Foreign films, TV shows should be watched in original language


Morgan Vehige

In the opening credits, the title of the European Spanish version reads La Casa de Papel, translated in English to the house of paper, slang for house of money. When the show is English dubbed and subtitled, the title of the show is Money Heist. This presents one of the many inaccuracies or differences when presenting films and TV shows in a language different from the original, proving that languages should best be left alone to keep original intention.

Morgan Vehige

Squid Game, Roma, Miraculous, Money Heist, Parasite. Few of the many big-name films and TV shows, each in their own native language.

However, with westernization and many cultural dynamic shifts towards Hollywood, these great films and TV shows have been dubbed in the English language. 

To have something dubbed is to supplement certain voices and languages over the original language that the film or TV show is spoken in. While primarily used in the United States to translate foreign languages into English, this happens globally and at an increasingly alarming rate. 

While it seemingly is a good thing by allowing more understanding of most of the source material due to the work of intelligent translators, the growth of dubbing devalues the original material and hinders the audience from seeing the world outside their bubble. 

By opening the door for dubbed translations, the door is also opened for more chances to alter and disfigure the original intention behind the film or TV show. While done in the best of intentions, it often doesn’t get the point that it wanted to across. 

The most recent example lies in the insanely popular show, Squid Game on Netflix. After reaching over 111 million households, the show has been translated into many languages from the original Korean. 

Despite the popularity, there’s been controversy over the translations in the show from those who speak both Korean and English in both the dubbed version and in the English subtitles. When done only a couple of times, it can be easily dismissed as a difference of languages and cultures. However, with the consistent errors that the show faces in the dubbed and subtitled versions, it can only warp the original interpretation on both the writers’ and actors’ parts.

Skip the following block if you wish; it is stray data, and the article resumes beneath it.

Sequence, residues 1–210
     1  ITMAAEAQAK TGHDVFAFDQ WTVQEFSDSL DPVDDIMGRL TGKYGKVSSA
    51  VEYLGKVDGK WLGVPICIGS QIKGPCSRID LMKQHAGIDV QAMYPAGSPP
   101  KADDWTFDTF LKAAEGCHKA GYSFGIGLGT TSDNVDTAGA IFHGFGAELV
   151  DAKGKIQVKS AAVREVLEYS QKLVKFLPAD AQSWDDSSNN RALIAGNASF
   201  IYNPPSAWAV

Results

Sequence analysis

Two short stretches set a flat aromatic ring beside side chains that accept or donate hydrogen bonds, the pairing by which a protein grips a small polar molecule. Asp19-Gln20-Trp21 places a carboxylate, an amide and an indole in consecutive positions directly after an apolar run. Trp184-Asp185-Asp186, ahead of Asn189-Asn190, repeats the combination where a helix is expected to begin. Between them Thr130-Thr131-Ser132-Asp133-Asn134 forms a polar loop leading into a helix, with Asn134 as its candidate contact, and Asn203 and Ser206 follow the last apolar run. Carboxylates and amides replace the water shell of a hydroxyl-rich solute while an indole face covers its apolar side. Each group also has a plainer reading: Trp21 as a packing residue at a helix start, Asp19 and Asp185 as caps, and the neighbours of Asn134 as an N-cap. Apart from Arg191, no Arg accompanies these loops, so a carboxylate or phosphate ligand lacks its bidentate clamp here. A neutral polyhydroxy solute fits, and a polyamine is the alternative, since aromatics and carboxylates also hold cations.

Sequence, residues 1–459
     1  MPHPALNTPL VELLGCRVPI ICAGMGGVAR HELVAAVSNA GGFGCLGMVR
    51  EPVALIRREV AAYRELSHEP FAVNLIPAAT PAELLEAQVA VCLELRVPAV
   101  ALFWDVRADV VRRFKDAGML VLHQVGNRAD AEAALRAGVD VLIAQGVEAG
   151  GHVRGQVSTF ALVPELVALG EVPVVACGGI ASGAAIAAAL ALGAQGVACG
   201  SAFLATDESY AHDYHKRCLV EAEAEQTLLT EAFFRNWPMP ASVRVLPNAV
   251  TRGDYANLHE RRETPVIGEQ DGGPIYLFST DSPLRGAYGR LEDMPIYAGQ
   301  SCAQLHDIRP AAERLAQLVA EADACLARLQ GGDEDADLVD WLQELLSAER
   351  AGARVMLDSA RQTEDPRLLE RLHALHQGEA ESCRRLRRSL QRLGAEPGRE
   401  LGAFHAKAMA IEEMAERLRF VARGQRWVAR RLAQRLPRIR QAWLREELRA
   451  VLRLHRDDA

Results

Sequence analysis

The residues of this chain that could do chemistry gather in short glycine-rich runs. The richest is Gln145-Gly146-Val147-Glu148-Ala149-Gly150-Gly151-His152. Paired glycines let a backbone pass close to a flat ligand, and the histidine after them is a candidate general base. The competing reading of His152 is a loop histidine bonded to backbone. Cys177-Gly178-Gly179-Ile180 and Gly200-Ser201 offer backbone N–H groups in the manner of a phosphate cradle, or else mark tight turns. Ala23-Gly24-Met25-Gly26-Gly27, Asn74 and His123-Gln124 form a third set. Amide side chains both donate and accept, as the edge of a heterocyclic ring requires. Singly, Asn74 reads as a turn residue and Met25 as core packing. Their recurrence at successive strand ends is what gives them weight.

Another reason to add to the unease of the growth of dubbed films and TV shows lies in the shrinking of the viewer’s scope of the world. 

In allowing the original language of a piece of media to fall to the wayside, a viewer is less able to connect with the material. It diminishes cultural influences intended for the work and fuels the fire for the westernization of all media, a completely dangerous area that deprives the whole world of creativity and difference. 

By listening to the original language, it can also spark an opportunity to pick up on the language. Many foreign language classes use TV shows and movies in order to reinforce the grammatical structure, word flow and vocabulary in students. With the original language, such a spark can be huge for the instruction and knowledge of the new speaker. 

There are always exceptions, yes. For those who are blind, a dubbed version in their language may be one of the few options for them. For those deaf or hard of hearing, the subtitles to the language may be slightly wrong and the lip movement of other languages difficult to follow, but it’s what they have in order to enjoy the show.

Still though, for the majority, dubbing of foreign languages in modern media can be a slippery slope to tread. Translations may never be perfect, and original interpretations may be lost. 

So, the next time you sit back to watch a new show from a different country, I challenge you to sit back, turn the subtitles on, and soak in the original intention of the piece. Words on a screen are only a small price to pay for an increased worldview and a whole new watching experience.